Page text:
The Effect of Trial-Judge Experience on Appellate Decisionmaking Behavior

34 Pages Posted: 30 Apr 2008  

Nick Linder

affiliation not provided to SSRN

John Niles

affiliation not provided to SSRN

Date Written: April 25, 2008

Abstract

Appellate judges do not join the bench with tabulae rasae. Their life experiences shape their behavior, but to what extent? This empirical study investigates whether the experience of serving as a trial judge affects federal intermediate appellate judges' likelihood of voting to affirm trial-court rulings. The study analyzes 3,222 appellate votes from criminal sentencing cases that came before the U.S. Court of Appeals for the Ninth Circuit between 2003 and 2007, and it controls for fifteen factors other than trial-judge experience that might influence appellate decisionmaking behavior. From these data, several conclusions emerge: Prior experience as a state trial judge causes an appellate judge to be more likely to vote to affirm. Prior experience as a federal trial judge, however, has no statistically significant effect. Prior experience from both state and federal trial benches also has no statistically significant effect. Finally, the effect of state trial-judge experience diminishes when lower courts have greater discretion.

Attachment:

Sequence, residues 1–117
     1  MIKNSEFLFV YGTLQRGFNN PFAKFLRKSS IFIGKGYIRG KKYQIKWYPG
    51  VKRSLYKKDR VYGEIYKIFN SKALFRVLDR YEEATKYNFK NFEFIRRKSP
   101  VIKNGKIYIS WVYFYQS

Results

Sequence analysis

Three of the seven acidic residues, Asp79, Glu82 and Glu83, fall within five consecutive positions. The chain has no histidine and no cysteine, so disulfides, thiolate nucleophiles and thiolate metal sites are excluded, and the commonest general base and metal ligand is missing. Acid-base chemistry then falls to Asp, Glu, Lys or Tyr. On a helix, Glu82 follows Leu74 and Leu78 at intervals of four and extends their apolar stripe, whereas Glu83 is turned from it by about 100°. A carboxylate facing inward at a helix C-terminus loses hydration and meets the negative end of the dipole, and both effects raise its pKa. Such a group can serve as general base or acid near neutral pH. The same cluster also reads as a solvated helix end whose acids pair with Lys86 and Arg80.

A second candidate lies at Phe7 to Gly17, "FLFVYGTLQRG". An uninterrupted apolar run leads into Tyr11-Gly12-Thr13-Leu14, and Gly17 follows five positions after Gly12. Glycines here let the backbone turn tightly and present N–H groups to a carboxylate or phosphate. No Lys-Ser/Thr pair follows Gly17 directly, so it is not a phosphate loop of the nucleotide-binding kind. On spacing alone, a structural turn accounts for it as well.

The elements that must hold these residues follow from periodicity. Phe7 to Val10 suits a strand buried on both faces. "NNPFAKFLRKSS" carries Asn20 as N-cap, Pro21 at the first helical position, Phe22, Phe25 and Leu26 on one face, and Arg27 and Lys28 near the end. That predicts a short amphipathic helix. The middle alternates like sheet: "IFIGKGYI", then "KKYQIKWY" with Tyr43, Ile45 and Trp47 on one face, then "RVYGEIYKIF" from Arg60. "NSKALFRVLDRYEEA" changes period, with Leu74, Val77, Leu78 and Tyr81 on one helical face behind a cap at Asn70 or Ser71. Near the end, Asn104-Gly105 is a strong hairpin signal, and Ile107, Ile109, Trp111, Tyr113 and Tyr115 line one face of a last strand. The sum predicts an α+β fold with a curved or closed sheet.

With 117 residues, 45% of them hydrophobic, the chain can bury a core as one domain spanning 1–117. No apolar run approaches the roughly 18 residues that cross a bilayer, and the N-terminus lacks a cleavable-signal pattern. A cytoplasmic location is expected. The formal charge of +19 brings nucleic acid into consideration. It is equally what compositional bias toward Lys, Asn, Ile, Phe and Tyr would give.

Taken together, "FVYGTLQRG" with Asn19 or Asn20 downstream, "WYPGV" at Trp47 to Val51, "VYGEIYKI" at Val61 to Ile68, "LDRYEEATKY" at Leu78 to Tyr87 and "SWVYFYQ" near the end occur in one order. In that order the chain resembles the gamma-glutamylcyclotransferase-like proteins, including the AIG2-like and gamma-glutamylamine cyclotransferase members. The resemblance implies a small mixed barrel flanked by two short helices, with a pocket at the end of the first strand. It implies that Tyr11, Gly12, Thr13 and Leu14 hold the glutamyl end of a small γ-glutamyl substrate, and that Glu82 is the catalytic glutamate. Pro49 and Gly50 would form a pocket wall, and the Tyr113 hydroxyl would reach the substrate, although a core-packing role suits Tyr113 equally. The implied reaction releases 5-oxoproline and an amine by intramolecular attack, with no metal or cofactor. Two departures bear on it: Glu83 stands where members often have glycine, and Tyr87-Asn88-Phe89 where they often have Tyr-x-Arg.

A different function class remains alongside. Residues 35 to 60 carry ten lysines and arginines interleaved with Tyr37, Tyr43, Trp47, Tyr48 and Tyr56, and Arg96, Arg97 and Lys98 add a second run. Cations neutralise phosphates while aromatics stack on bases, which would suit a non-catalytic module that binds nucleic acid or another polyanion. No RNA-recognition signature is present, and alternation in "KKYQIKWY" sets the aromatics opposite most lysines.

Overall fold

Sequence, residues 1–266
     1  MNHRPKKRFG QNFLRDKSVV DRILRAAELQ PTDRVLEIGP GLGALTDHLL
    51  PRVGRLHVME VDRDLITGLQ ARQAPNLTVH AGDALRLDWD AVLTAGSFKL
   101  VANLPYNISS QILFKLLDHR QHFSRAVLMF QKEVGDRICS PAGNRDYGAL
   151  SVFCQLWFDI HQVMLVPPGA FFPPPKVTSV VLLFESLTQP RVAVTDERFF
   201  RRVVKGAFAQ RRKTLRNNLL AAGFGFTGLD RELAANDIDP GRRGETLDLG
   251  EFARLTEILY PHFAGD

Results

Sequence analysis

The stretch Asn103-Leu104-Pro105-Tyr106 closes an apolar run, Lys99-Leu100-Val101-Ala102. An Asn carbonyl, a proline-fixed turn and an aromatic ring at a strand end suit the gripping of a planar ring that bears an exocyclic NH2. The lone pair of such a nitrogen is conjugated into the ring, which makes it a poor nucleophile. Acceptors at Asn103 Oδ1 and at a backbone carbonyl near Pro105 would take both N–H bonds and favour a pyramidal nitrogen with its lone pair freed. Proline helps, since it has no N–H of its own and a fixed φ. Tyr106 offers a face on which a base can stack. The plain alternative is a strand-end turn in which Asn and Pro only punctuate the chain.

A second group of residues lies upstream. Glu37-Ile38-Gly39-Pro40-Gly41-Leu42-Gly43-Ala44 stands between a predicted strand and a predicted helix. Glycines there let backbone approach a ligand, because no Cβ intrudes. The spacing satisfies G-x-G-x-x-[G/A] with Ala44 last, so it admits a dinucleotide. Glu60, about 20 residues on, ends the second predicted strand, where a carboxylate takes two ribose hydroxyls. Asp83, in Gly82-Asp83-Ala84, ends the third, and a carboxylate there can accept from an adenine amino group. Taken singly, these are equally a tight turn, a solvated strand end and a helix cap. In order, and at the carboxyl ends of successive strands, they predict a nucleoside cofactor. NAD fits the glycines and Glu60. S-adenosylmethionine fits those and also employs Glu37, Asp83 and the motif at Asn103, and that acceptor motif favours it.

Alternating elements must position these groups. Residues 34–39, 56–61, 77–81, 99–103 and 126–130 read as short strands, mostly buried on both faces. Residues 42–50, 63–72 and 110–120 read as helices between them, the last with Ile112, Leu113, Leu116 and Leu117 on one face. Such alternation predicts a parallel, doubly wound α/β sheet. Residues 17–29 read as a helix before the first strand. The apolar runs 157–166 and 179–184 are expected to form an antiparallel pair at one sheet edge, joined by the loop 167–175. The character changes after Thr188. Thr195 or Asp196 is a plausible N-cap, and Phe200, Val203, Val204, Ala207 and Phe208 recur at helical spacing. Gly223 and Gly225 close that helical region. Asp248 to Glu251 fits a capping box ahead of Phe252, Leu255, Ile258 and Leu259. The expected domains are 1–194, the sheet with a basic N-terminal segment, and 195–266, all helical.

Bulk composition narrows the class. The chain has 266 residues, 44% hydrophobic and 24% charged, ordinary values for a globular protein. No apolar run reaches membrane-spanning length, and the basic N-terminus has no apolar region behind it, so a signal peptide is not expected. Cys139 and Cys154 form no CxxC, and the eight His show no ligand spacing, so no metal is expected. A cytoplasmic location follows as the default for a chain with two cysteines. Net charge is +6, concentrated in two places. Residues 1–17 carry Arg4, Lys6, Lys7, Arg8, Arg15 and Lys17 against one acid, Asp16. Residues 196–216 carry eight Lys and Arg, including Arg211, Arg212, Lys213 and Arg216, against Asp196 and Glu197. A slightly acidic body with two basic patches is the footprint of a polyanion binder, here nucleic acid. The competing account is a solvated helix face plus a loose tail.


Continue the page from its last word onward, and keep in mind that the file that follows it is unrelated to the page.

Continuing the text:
Keywords: judges, judicial decisionmaking, sentencing, sentences, appeals, appellate behavior, Booker

Suggested Citation

Linder, Nick and Niles, John, The Effect of Trial-Judge Experience on Appellate Decisionmaking Behavior (April 25, 2008). Available at SSRN: https://ssrn.com/abstract=1126655 or http://dx.doi.org/10.2139/ssrn.1126655

Nick Linder

affiliation not provided to SSRN

John Niles (Contact Author)

affiliation not provided to SSRN

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